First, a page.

Top Tips for Winter Safety: Snow Shovelling


Personally I enjoy the winter season, especially  fresh snowfall as it brings in amazing Photographic opportunities and family time at home or on a ski slope. But winter also brings in significant health hazards. According to the American Journal Of Emergency Medicine out of all reported winter injuries: 7 % are heart related (including heart attack), majority are back /spine pain 34%, some arm and hand injuries 16% as well as head injuries 15%. Another interesting fact is people over the age of 55 years are 4.25 times more likely to get hurt and men are twice likely to get injured than women (I am sure this also has to to do with the fact that a lot more men end up doing this challenging chore).

Let’s be safe by using the following simple precautions:

  • Warm up. Warm your muscles before heading out to shovel by doing some light movements, such as bending side to side or walking in place.
  • Fall-proof yourself. Wear shoes or boots with slip-resistant soles or add traction with slip-on ice cleats, available at sporting goods stores. Once your walkway is clear, consider putting down salt or sand or both.
  • Push rather than lift. Pushing the snow with the shovel instead of lifting can help reduce the strain on your body. When lifting snow, bend your knees and use your legs when possible.
  • Choose your shovel wisely. Ergonomically-designed shovels can help reduce the amount of bending you have to do.
  • Keep up with snowfall. Try to shovel snow shortly after it falls, when it is lighter and fluffier. The longer snow stays on the ground, the wetter it can become. Wet snow is heavier and harder to move.
  • Wear layers. Dress in layers and remove them as you get warm to help maintain a comfortable body temperature.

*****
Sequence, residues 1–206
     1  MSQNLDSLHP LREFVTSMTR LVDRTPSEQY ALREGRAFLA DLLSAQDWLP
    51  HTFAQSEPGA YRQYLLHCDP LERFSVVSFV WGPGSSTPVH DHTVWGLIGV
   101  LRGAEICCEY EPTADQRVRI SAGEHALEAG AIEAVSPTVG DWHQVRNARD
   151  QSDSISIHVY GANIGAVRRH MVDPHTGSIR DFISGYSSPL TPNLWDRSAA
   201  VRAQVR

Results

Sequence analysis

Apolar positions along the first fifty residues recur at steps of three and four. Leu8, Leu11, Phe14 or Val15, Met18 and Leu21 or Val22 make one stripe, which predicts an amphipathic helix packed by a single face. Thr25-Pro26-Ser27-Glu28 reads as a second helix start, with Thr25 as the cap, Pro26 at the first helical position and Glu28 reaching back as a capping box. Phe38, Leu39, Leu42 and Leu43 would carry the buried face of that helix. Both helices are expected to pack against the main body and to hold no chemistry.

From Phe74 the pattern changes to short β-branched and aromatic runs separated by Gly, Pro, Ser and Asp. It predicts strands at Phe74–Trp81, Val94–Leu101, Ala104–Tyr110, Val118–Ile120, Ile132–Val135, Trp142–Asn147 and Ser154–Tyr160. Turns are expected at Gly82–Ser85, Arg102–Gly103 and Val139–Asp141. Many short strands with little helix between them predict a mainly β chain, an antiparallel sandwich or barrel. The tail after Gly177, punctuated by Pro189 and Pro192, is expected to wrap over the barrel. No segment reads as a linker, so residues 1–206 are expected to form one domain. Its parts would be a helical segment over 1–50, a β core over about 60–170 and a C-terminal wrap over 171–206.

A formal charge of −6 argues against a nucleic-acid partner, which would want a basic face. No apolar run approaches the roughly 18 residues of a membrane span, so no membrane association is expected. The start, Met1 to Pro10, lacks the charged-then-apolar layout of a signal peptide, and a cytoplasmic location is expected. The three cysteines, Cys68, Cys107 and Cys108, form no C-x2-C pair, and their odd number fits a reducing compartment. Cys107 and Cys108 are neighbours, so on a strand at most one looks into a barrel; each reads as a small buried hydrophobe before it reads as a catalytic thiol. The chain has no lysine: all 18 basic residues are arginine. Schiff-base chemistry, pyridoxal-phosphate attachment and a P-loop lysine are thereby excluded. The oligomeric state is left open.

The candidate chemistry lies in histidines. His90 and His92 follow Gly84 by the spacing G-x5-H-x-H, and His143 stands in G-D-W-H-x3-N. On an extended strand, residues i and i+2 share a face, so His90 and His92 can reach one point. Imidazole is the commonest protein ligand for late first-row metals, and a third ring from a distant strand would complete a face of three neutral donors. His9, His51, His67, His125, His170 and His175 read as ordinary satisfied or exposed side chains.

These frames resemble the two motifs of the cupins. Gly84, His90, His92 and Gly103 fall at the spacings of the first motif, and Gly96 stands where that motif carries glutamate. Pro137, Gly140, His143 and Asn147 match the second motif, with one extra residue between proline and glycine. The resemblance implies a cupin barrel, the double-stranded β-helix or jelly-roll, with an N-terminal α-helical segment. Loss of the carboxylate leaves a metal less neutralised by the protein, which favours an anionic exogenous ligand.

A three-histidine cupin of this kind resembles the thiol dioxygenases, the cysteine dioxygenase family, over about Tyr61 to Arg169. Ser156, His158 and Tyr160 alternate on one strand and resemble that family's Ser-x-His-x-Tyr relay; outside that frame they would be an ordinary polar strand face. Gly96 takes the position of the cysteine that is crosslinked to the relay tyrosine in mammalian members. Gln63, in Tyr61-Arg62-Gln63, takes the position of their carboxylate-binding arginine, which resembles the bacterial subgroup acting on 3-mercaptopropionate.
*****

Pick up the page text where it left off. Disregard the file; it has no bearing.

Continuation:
• Stay hydrated. Drink plenty of water to stay hydrated while shoveling.

Snow shoveling is a repetitive activity that can cause muscle strain to the lower back and shoulders. Back injuries due to snow shoveling are more likely to happen to people who may not know that they are out of condition.

Following these tips can help you avoid spine injuries:

  • Lift smaller loads of snow, rather than heavy shovelfuls. Be sure to take care to bend your knees and lift with your legs rather than your back.
  • Keep one foot ahead of the other. This will give you more power and produce far less strain on your lower back.
  • Use a shovel with a shaft that lets you keep your back straight while lifting. A short shaft will cause you to bend more to lift the load. Using a shovel that’s too long makes the weight at the end heavier. Step in the direction in which you are throwing the snow to prevent the low back from twisting. This will help prevent “next-day back fatigue.”
  • Avoid excessive twisting because the spine cannot tolerate twisting as well as it can tolerate other movements. Bend your knees and keep your back as straight as possible so that you are lifting with your legs.
  • Take frequent breaks when shoveling. Consider taking a break after 20 to 30 minutes of shoveling, especially when the snow is wet.
  • Stand up straight and walk around periodically to extend the lower back.
  • Backward bending exercises while standing will help reverse the excessive forward bending of shoveling: stand straight and tall, place your hands toward the back of your hips, and bend backward slightly for several seconds.
  • If you or anyone you know is experiencing back pain, book an appointment at Dynamic Physical Therapy or get in touch.

Summary

DOs

DON’Ts

Push the snow 

Avoid lifting the snow

Small light shovel

Large heavy shovel

Face the load to be lifted

Avoid twisting and lifting

Bend knees

Avoid excessive bending of back 

Pause every 20-3o min

Long excessive exertion

Be fit and strong anticipating the season

Sedentary life with no exercises 

Grip: one hand on handle other hand near scoop

Both hands too close to each other

Layers of clothing

Inadequate layers 

Non slip – ankle high snow boots

Improper footwear

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